"We're integrated with the mother ship," says Rice. "We have all the benefits of a big corporate parent, but we're able to do things in different ways from the main studio." Fox Searchlight also does things differently from its counterparts while sticking to its core mandate to make every movie profitable-before going to video and DVD. Here's the sly little Fox's play book:

• Release no more than twelve movies a year, producing half of them, acquiring the rest. (By contrast, in 2002, Miramax released 26 movies; while Chicago and Gangs of New York got great support, smaller films like The Quiet American were Miramax orphans.) "We are not in the volume business," says Rothman. "We make every movie count."

• Spend no more than Rice's self-imposed ceiling of $15 million. One Hour Photo, Rice's biggest Searchlight hit, was made for $12 million and grossed $60 million worldwide.

• Rice, Utley, and Gilula, who all have radically different taste, have to agree on buying or green-lighting a movie. (Rice backed 28 Days Later; Gilula urged Rice and Utley to see Beckham at Cannes after seeing how the comedy opened in London; Utley talked her male colleagues into buying Kissing Jessica Stein.)

• Use edgy scripts to attract stars willing to take a pay cut, like Robin Williams (One Hour Photo) and Ben Kingsley (Sexy Beast).

• No period movies. Period.

• Secure worldwide distribution rights for big Fox.

• Only buy or make a movie that will succeed theatrically. (A radically old-fashioned idea. Most companies today concentrate on building their library and selling to television and home video to make their money.)

• Before going forward, each movie must have two defined market niches: one if the movie is perfectly executed and another if it is not.

• To maximize every film's potential, calibrate the exact target audience and allocate resources accordingly. When Rice wouldn't let producer Mark Johnson spend more than $10 million on The Banger Sisters, even with stars Goldie Hawn and Susan Sarandon, Johnson was bitter. "But when it was over and done with," Johnson says, "I was glad Peter stuck to his guns. We made the movie we wanted, and it was successful because it only cost $10 million."

Don't give away the store in order to win an Oscar. Rice would love to score an Oscar breakout, and learned his lesson when he went for the statuette with Denzel Washington's Antwone Fisher—only to come up short with critics. Utley thought they were going to lose a lot of money. Luckily, the dollars came back in huge video and DVD sales—an exception to Searchlight's own rule.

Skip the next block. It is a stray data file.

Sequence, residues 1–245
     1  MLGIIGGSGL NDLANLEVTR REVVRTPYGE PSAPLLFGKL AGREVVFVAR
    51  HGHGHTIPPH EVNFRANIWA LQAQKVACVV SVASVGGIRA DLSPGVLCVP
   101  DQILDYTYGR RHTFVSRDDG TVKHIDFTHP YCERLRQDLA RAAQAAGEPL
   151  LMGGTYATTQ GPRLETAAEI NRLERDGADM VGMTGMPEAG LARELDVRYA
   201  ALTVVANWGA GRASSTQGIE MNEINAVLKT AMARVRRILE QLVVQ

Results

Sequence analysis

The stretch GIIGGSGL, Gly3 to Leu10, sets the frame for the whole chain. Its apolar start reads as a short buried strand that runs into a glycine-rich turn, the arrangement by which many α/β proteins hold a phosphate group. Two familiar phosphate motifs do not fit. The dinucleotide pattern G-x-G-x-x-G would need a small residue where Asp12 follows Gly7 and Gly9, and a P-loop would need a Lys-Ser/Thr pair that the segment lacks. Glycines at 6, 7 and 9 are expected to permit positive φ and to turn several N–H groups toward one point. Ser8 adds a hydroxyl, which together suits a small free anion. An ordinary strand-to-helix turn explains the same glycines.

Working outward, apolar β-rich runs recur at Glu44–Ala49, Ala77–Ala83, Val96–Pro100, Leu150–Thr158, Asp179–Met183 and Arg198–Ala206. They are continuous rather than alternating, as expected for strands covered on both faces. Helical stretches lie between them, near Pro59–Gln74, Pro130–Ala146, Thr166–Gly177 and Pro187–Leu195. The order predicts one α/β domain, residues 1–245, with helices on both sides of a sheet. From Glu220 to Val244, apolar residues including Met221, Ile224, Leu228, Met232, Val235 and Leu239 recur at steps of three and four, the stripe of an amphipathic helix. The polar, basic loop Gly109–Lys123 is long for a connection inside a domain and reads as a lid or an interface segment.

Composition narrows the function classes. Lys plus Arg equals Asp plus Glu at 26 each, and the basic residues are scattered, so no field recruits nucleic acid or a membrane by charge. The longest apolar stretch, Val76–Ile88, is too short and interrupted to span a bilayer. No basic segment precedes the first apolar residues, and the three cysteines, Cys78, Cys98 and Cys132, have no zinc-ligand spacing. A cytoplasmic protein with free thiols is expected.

The funny thing is, fox searchlight is only doing what all studios used to know how to do, but somehow forgot. It will be interesting to watch how Warner Bros. president Alan Horn handles his newly formed specialty unit. Warners doesn't know anything about the art-film business, and the Tiffany studio is notorious for its free-spending reliance on bigger-is-better franchises like Harry Potter and The Matrix, and movie stars like Tom Cruise. Horn is now reeling in eight-year Miramax marketing veteran Mark Gill, who left last year to produce.

Now Horn and his production chief, Jeff Robinov, just need to figure out what business they want to be in. Horn is feeling pressure from Steven Soderbergh, a prolific director with proven chops in films both mainstream (Ocean's Eleven) and arty (Full Frontal) whom Warners would love to keep on campus for all his projects. But if the Warners sales staffs, already overburdened by a huge release slate, try to handle additional specialized movies, they'll wind up with a string of flops like George Clooney's Welcome to Collinwood.

If Horn models little Warner on chic Miramax, he's destined to fail. Fox Searchlight, on the other hand, is proving that you can reach audiences with good movies, and lure hot talent— like Alexander Payne and David O. Russell— as long as you know what you're about.